One of these applications is the development of an organic solar cell with high efficiency. The highest energy conversion rate (n) of a solar cell is 43.5%, yet preliminary analyses suggest that energy conversion efficiencies of feather derived solar cells can be as high as n = 80%. This is extraordinary - as given the rate of progress with current designs - it would take 25-30 years to reach 80% efficiency. The components of the solar cell described above derived from feathers have numerous additional applications. The nanostructured components include quantum dots, quasi-ballistic dots, nano-wires, and nano- tubes that can be used to build transistors, computer processors, and electrical circuits for use in quantum computers, bio-sensing, bioassays, and others. Such components harness and propagate light energy in a controlled manner, possibly via plasmons. In addition to the electrochemical and photochemical properties described above, controlled plasmon propagation is an area of intensive work, as they are considered important in biosensing, molecule identification technologies, electronics, and computing. These nanostructures have the ability to form networks, transmit energy (and possibly plasmons) with high efficiency, emit light, and store energy. Moreover, such structures appear to have superior performance as compared to other leading designs, are biodegradable, non-toxic, and maintain a low material cost and cost of assembly. For these reasons, the present invention is likely to enable significant advances in sustainable energy sources, electronics, and health care.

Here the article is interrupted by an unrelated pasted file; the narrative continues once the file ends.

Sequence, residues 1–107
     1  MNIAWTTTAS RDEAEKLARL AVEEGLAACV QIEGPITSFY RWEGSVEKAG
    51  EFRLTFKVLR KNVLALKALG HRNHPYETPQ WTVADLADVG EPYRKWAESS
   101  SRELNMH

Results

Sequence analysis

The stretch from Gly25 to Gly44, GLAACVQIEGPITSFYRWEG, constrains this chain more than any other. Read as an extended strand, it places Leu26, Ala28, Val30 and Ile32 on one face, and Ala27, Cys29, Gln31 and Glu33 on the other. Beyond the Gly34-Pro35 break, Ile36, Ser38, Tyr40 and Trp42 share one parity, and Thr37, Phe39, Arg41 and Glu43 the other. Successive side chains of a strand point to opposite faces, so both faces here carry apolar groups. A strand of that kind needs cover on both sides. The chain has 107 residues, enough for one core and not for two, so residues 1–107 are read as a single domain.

Another embodiment of the present invention may be used in pharmaceutical delivery devices and biosensing purposes, in particular, detecting cancerous cells in vivo. However, it should be appreciated that other medical procedures and tests, besides detecting cancerous cells, can also be performed using the present invention. Currently utilized nanoscale spheres incorporate heavy metals into their design in order to achieve light absorption and photoluminescence levels necessary for their detection in biosensing. It is not well known how these substances are subsequently excreted by the body and therefore are still in the experimental state. Conversely, the quantum dots derived from keratin, such as from bird feathers, are non-toxic, have comparable or higher energy conversion efficiencies than inorganic ones, and the emission and fluorescence lifetimes are potentially longer and possibly significantly longer. These factors make keratin derived quantum dots ideal for biosensing applications. Quantum dots can also be engineered as core-shell dots, where a substance of lower energy state is encapsulated by that of a higher energy state. Such quantum dots derived from keratin could be used in drug delivery devices and engineered for such purposes. Moreover, keratin derived quantum dots could be used as a direct cancer treatment by delivering UV radiation directly to the cancerous cells.